androgenize

(redirected from androgenization)
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androgenize

(ăn-drŏj′ə-nīz′)
tr.v. androge·nized, androge·nizing, androge·nizes
To treat with male hormones, usually in large doses.

an·drog′e·ni·za′tion (-nĭ-zā′shən) n.
References in periodicals archive ?
Awang, "Maternal use of ginseng and neonatal androgenization," JAMA: The Journal of the American Medical Association, vol.
[20] found 2D: 4D in MFT similar to that in control female which is consistent with our findings for the right hand (0.920 versus 0.91) confirming lower androgenization effects in MFT during embryogenesis.
Dominguez et al., "Postnatal androgenization induces premature aging of rat ovaries," Steroids, vol.
On Doping in East Germany, see Werner Franke and Brigitte Berendonk, "Hormonal Doping and Androgenization of Athletes: A Secret Program of the German Democratic Republic Government", Clinical Chemistry 43 (1997): 1262-79.
Reference to the androgenization of the female body by the removal of a major secondary sex characteristic such as the breast, and androgenization enhanced by the defiant display of the body refigured through surgery, provides the opportunity to inquire into the way in which the gaze invited by these photographs is concomitantly restructured.
sepium, commonly termed Chinese silk vine and also, in pinyin, xiangjiapi or gangliupi, has been implicated in two Canadian cases as likely having been subst ituted for eleuthero/'Siberian ginseng': one case was associated with neonatallmaternal androgenization, and the other with interference with digoxin assay, producing apparently elevated digoxin levels (D.V.C.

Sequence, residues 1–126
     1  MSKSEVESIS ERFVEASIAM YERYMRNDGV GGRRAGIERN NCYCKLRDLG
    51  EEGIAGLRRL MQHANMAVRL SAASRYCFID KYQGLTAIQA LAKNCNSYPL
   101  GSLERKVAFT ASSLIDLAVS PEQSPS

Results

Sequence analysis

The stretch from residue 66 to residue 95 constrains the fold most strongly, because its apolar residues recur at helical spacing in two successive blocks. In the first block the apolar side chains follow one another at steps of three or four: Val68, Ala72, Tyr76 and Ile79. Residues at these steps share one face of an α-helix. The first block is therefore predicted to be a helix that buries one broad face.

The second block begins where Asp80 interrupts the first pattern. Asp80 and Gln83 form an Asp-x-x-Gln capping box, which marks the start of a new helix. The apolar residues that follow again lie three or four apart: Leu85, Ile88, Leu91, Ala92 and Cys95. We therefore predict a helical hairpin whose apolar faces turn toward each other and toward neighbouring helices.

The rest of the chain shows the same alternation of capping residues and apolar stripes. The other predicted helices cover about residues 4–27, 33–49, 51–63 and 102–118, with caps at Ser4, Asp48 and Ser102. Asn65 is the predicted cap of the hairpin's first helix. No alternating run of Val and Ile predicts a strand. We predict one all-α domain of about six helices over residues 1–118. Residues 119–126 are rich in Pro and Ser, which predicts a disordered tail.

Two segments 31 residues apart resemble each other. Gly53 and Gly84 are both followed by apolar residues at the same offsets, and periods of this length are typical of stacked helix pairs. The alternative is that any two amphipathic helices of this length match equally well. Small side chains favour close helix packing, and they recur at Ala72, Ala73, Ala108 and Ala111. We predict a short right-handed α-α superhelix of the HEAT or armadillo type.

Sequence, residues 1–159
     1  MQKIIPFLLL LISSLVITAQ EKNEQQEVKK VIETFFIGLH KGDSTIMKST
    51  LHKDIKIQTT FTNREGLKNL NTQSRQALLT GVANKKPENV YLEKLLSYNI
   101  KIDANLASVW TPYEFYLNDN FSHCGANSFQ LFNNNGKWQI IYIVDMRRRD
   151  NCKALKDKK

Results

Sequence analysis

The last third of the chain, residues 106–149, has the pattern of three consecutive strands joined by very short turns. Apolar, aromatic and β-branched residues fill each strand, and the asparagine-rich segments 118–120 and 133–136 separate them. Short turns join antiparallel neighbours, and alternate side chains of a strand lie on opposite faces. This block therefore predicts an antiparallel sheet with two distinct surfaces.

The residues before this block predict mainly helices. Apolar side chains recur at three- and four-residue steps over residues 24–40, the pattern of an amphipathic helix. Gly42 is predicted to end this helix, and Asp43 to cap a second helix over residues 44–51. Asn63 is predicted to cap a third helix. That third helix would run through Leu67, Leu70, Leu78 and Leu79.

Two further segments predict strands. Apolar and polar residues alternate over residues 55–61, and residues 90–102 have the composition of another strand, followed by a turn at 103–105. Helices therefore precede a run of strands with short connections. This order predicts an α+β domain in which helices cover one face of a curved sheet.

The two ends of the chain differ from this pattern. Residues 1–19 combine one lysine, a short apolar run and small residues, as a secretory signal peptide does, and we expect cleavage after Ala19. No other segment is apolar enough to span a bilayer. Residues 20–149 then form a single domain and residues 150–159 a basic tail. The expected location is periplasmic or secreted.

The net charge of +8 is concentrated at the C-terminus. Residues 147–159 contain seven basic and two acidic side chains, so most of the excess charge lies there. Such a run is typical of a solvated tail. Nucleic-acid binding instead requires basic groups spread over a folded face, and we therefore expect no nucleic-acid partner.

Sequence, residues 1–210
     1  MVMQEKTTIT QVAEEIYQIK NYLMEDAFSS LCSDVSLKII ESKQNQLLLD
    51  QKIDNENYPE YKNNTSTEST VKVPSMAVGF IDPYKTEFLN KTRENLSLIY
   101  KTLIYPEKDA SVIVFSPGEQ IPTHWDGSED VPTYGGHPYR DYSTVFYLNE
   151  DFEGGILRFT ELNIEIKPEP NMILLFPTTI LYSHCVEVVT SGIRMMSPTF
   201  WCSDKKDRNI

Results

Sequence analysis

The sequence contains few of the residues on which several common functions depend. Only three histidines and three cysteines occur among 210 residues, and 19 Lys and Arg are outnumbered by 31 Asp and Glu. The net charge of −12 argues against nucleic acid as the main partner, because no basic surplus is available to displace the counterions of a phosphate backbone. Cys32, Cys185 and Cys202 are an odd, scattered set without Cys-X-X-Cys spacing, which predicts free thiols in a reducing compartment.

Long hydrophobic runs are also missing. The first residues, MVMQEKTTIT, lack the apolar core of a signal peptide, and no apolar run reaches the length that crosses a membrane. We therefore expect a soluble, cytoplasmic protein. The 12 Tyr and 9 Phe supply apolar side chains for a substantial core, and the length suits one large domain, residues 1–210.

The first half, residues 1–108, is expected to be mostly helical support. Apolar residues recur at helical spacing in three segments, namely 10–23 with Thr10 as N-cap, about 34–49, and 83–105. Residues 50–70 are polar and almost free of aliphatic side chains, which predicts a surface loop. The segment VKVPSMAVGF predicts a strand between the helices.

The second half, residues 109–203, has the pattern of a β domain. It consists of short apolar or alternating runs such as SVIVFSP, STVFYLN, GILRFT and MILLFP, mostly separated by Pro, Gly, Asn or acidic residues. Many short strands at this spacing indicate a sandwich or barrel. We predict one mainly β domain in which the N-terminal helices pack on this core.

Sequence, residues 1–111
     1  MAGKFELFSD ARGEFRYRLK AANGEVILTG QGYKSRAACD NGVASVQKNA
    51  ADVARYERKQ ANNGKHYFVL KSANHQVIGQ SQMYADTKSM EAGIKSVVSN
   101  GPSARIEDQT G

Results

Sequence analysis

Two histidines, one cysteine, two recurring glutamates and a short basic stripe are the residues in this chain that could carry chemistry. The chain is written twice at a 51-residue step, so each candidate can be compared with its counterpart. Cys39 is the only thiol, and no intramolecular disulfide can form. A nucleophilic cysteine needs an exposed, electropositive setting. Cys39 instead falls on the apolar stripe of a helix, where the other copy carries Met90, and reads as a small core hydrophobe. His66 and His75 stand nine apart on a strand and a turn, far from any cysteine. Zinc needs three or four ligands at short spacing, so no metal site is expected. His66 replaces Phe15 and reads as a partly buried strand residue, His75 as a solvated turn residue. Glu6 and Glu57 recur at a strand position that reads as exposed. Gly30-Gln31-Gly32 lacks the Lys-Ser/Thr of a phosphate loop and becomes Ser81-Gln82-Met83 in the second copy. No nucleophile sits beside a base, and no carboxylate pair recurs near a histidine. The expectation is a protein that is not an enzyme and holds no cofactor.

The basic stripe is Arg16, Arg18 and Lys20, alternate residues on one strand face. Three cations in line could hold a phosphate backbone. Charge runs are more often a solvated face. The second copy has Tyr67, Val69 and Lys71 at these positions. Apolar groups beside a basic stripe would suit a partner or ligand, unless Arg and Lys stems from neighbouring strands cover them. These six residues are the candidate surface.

ATLANTA -- Possible metabolic and endocrine effects, including bone loss and androgenization, should be kept in mind when managing women on antiepileptic drugs, Dr.
Chavez-Genaro, "Ovarian follicular dynamics after aromatizable or non aromatizable neonatal androgenization," Journal of Molecular Histology, vol.
Franke & Brigitte Berendonk, Hormonal Doping and Androgenization of Athletes: A Secret Program of the German Democratic Republic Government, 43 Clinical chemistry 1262 (1997).
The report details the use of anabolic steroids by athletes in a variety of sports, but their use with adolescent girls, particularly swimmers beginning at 14 years of age, is frightening: "The treatment of young girls with androgenic hormones was especially rewarding in the medal-rich swimming events, where it secured consistent international success." The authors caution parents around the world: "Even the androgenization of young girls has been, and remains, a documented practice in the sport system of countries outside the GDR and the socialist system." Franke WW, Berendonk B.
We refer to this disruption as "metabolic androgenization" because the elimination of inactivate androgen is inhibited and the rate of testosterone conversion to derivatives that are variously androgenic in vertebrates is increased (3).
The androgenic changes in phenotype were obvious in 1968 at the Olympic Games in Mexico City, and one of us (B.B.), a finalist in the discus throw there, later described in several articles (e.g., [50, 51, 56, 57]) the imminent threat of androgenization to women's sport and proposed out-of-competition control by analyzing athletes' urine with gas chromatography.